Yale World War Memorial, New Haven

Hewitt Quadrangle, YaleYale honors students and alumni killed in World War I with a cenotaph dedicated in 1927.

The World War Memorial stands in the Hewitt Quadrangle, an area also known as Beinecke Plaza. A dedication on the monument’s southwest face reads, “In memory of the men of Yale who, true to her traditions, gave their lives that freedom might not perish from the earth.”

The front corners of the sandstone monument’s base feature carved eagles, and the monument also has decorative elements including a tank, a large cannon and a variety of other military equipment.

Yale World War Memorial, New HavenThe names of several World War I battles are inscribed on the Commons dining hall building behind the cenotaph.

The World War memorial was designed by architect Thomas Hastings, who was also responsible for the Commons, Woolsey Hall and the New York Public Library, and Everett V. Meeks, dean of Yale’s School of the Fine Arts.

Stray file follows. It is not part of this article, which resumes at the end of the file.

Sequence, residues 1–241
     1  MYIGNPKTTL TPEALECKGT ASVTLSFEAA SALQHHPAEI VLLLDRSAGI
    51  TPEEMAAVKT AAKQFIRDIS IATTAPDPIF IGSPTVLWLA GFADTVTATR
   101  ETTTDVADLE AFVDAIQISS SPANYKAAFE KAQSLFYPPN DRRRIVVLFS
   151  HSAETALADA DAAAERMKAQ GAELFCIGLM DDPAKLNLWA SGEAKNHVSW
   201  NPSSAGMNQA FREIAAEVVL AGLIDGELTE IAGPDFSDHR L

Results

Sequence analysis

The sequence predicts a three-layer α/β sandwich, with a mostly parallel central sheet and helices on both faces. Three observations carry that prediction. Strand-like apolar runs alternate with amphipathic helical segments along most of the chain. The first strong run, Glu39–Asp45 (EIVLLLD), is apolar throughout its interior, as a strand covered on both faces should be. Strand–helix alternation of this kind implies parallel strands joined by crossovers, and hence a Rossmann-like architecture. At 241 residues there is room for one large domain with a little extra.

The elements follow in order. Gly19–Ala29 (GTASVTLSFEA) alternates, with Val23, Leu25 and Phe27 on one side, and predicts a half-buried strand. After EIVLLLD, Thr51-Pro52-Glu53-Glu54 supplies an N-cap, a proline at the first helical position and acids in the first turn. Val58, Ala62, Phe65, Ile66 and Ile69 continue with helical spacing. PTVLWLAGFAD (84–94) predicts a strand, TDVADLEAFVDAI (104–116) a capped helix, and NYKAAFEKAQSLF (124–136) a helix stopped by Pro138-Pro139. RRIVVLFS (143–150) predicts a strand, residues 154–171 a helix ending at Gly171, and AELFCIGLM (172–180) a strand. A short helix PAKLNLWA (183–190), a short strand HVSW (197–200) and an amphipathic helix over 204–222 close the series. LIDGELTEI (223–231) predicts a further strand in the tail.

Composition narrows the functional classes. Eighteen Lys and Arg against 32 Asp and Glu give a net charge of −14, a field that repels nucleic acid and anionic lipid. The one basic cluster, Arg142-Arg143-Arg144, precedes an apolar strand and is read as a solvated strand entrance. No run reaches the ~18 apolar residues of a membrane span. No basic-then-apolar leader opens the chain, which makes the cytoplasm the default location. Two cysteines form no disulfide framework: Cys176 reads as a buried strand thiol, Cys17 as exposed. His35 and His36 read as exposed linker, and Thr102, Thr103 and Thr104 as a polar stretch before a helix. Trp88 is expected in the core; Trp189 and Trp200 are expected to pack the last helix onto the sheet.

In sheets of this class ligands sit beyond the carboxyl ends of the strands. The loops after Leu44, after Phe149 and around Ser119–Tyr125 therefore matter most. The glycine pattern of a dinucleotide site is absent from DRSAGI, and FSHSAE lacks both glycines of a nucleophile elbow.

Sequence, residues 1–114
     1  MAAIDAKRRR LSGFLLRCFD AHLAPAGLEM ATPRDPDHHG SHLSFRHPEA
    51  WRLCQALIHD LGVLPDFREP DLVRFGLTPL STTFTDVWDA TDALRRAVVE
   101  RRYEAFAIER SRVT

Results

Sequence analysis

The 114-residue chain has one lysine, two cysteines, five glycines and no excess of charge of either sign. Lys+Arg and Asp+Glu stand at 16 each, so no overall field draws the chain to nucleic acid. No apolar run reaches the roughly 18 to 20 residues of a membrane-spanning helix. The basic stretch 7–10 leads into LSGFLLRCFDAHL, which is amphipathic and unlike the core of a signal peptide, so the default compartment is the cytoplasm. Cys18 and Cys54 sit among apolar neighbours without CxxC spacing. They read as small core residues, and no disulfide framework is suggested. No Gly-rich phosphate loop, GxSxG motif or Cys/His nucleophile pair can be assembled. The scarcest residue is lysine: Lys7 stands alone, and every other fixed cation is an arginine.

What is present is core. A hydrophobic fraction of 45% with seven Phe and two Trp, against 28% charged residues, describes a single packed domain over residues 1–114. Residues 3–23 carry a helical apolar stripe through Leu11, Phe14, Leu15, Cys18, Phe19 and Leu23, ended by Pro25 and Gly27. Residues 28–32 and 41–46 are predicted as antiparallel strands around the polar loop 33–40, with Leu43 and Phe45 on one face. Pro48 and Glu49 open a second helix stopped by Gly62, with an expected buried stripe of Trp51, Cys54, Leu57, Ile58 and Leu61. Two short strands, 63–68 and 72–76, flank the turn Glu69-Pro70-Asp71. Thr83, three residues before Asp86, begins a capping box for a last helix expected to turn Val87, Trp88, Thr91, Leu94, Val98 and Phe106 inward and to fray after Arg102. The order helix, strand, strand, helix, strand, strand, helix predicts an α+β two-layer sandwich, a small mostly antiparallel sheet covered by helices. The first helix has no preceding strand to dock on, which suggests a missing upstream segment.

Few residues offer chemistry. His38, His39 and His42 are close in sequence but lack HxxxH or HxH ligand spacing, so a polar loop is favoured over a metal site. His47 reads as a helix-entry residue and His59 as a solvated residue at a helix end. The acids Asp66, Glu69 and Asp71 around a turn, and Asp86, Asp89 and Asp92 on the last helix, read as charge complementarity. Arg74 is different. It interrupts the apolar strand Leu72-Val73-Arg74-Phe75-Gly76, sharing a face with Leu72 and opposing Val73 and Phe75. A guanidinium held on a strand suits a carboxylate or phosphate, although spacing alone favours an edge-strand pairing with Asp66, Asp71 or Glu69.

The names of 225 Yale students and alumni who died during their World War I service are inscribed on panels, dedicated in 1920, along with other memorials in the lobby of Woolsey Hall, including Yale’s Civil War memorial.

In front of the cenotaph, a memorial flagstaff honors Lieutenant Augustus Canfield Ledyard, a Yale alum who was killed in 1899 during the Philippine-American war.

Yale World War Memorial, New HavenThe Ledyard Flagstaff, dedicated in 1908, was moved to its location near the cenotaph as part of a 2004 renovation of the plaza.






Yale World War Memorial, New Haven








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